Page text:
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PLoS One. 2016 Apr 1;11(4):e0152086. doi: 10.1371/journal.pone.0152086. eCollection 2016.

Screening for Atrial Fibrillation--A Cross-Sectional Survey of Healthcare Professionals in Primary Care.

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Division of Primary Care, University of Nottingham, Nottingham, United Kingdom.
Division of Epidemiology & Public Health, University of Nottingham, Nottingham, United Kingdom.



Screening for atrial fibrillation (AF) in primary care has been recommended; however, the views of healthcare professionals (HCPs) are not known. This study aimed to determine the opinions of HCP about the feasibility of implementing screening within a primary care setting.


A cross-sectional mixed methods census survey of 418 HCPs from 59 inner-city practices (Nottingham, UK) was conducted between October-December 2014. Postal and web-surveys ascertained data on existing methods, knowledge, skills, attitudes, barriers and facilitators to AF screening using Likert scale and open-ended questions. Responses, categorized according to HCP group, were summarized using proportions, adjusting for clustering by practice, with 95% C.Is and free-text responses using thematic analysis.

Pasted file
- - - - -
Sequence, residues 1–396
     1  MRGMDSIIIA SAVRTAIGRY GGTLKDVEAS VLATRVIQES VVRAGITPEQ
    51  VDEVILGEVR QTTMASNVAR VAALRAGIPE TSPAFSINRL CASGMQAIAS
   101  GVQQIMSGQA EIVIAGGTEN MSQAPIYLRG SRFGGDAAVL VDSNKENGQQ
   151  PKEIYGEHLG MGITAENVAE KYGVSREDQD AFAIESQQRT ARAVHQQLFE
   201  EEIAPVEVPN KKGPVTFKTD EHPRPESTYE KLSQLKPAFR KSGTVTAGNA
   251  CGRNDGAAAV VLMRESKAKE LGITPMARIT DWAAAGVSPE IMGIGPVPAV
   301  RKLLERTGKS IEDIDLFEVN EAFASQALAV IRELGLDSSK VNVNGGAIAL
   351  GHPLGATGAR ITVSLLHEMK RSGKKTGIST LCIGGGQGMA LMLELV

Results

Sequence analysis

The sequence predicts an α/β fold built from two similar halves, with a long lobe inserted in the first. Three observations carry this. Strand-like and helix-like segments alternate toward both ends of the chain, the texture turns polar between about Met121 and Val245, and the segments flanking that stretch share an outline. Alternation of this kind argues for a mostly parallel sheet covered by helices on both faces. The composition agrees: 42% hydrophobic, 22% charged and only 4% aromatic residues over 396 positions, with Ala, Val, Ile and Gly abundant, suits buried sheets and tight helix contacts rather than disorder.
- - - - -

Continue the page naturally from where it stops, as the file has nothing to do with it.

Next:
At least one General Practitioner (GP) responded from 48 (81%) practices. There were 212/418 (51%) respondents; 118/229 GPs, 67/129 nurses [50 practice nurses; 17 Nurse Practitioners (NPs)], 27/60 healthcare assistants (HCAs). 39/48 (81%) practices had an ECG machine and diagnosed AF in-house. Non-GP HCPs reported having less knowledge about ECG interpretation, diagnosing and treating AF than GPs. A greater proportion of non-GP HCPs reported they would benefit from ECG training specifically for AF diagnosis than GPs [proportion (95% CI) GPs: 11.9% (6.8-20.0); HCAs: 37.0% (21.7-55.5); nurses: 44.0% (30.0-59.0); NPs 41.2% (21.9-63.7)]. Barriers included time, workload and capacity to undertake screening activities, although training to diagnose and manage AF was a required facilitator.


Inner-city general practices were found to have adequate access to resources for AF screening. There is enthusiasm by non-GP HCPs to up-skill in the diagnosis and management of AF and they may have a role in future AF screening. However, organisational barriers, such as lack of time, staff and capacity, should be overcome for AF screening to be feasibly implemented within primary care.

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